Proto-world language

from Wikipedia, the free encyclopedia

As Proto-Human language - even proto-World , Proto-Sapiens , world-primitive language - refers to a hypothetical parent language of all languages of humanity, say a language from which all currently known families , isolated and extinct descended languages. Their existence is assumed in the theory of monoglottogenesis of all existing languages. The existence of such a primordial language can be justified historically , biologically or psychologically , but there are also statements in esotericism , religion and mythology about a common primeval language of all humanity (e.g. the story of the Tower of Babel or the concept of the Adamitic Language ). The out-of-Africa theory also indirectly supports the thesis of an original language through genetic studies, according to which the homo-sapiens emerged from a very small group of people.

However, most linguists hardly believe that reliable linguistic statements are possible due to the enormous time span - at least 50,000 years. It is therefore largely undisputed in the professional world that statements about the properties of a proto-world language cannot be considered scientifically relevant linguistics, since they are usually not verifiable. Furthermore, the hypothesis of the monogenesis of all languages ​​cannot be proven as such. Nevertheless, in addition to pseudoscientific approaches (e.g. Richard Fester ), there are also scientifically accepted attempts by the American linguists Merritt Ruhlen and John D. Bengtson to set up global word equations (etymologies).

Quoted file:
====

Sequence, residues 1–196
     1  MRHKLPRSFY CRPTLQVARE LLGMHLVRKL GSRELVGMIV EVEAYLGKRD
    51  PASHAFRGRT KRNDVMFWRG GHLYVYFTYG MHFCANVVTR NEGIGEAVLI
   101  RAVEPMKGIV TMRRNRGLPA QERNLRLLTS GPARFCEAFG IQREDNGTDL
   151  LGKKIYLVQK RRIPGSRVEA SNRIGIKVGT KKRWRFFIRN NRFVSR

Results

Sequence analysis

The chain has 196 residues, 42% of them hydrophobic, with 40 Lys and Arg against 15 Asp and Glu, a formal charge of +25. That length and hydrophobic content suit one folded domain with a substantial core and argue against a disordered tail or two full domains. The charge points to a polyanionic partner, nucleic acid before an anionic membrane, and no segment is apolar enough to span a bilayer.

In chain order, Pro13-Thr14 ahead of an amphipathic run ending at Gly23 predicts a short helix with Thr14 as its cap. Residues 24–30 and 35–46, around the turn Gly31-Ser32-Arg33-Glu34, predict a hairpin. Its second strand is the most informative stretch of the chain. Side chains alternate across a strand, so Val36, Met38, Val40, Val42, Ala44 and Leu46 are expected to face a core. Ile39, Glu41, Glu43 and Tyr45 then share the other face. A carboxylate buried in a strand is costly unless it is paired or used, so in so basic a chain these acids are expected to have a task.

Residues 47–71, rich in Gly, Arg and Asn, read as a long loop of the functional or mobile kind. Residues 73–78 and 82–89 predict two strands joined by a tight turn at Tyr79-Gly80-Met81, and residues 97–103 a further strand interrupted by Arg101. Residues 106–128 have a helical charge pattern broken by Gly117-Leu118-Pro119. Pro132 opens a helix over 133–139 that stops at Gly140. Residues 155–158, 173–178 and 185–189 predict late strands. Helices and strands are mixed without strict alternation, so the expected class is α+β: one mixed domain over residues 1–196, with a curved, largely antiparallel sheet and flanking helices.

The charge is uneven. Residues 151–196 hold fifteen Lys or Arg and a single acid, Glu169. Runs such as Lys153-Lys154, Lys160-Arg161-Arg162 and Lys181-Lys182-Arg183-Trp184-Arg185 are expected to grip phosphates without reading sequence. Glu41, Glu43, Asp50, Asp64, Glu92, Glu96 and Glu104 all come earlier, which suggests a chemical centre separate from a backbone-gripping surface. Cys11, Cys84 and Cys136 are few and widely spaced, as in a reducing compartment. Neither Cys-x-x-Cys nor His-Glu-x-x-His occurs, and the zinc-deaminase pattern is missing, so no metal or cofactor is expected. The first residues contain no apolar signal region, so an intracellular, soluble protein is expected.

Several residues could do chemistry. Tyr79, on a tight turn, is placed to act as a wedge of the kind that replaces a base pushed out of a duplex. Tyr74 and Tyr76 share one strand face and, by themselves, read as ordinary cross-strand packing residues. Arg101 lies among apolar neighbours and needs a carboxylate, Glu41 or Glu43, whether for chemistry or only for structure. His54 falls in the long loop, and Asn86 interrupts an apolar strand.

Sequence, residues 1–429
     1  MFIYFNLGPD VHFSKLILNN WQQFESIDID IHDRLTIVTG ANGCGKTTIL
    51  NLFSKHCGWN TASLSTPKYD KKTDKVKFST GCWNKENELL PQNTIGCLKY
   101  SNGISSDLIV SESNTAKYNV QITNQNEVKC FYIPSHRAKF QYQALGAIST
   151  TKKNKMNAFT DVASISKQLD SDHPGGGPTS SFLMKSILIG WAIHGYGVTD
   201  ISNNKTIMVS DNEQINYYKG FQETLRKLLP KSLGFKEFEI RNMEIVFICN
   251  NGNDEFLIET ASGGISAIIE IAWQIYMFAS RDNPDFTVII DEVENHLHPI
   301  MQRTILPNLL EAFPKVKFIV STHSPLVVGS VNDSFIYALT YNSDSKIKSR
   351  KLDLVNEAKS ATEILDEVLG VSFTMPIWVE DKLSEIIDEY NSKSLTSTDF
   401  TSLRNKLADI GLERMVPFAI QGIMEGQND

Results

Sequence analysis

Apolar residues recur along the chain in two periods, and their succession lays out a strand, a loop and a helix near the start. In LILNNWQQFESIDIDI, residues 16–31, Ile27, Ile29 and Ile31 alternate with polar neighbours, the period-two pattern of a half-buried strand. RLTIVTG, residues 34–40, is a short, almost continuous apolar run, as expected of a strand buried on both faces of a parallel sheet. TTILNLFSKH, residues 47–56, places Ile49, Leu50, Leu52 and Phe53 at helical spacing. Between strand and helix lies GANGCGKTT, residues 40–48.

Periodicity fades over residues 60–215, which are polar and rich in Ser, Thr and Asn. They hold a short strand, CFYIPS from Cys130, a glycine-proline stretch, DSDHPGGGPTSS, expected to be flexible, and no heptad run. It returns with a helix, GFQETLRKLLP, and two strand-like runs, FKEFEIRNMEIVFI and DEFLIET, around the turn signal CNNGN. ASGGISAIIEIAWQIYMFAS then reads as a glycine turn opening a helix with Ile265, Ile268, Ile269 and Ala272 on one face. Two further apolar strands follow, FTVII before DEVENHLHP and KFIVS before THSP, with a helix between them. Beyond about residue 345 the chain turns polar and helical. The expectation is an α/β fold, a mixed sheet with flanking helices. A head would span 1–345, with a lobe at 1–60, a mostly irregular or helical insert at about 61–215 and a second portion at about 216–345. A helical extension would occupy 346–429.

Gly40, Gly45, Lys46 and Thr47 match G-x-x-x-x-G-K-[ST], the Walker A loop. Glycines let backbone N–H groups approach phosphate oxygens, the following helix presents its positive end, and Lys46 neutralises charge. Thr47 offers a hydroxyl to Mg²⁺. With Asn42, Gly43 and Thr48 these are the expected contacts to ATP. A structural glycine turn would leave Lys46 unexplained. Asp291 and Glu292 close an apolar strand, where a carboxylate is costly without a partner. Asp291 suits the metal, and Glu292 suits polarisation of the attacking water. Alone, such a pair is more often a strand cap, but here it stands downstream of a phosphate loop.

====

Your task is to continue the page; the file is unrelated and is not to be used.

Regardless of the question of a general monogenesis of language, situations are conceivable in which a completely new language emerges independently of existing languages. The sign language of Nicaragua may be an example of how an inarticulate language has emerged naturally among deaf children hearing parents.

Kaspar Hauser attempts : According to a story of Herodotus (Book II, Chapter 2), the Pharaoh Psammetich I made an attempt in Egypt to find the original language of the world. He gave two newborn children to a shepherd and ordered them to be raised so that they should never hear a spoken word. He wanted to find out in which language the children would say a word first. After about two years the children put out their hands pleadingly and said "bekos". In the Phrygian language this was called “bread”. The Pharaoh concluded from this that the Phrygians were an even older people than the Egyptians. Salimbene von Parma , a Franciscan , told a similar story about Frederick II , the Staufer Emperor . Here, however, the infants died prematurely from a lack of care before they even spoke a word.

See also


Web links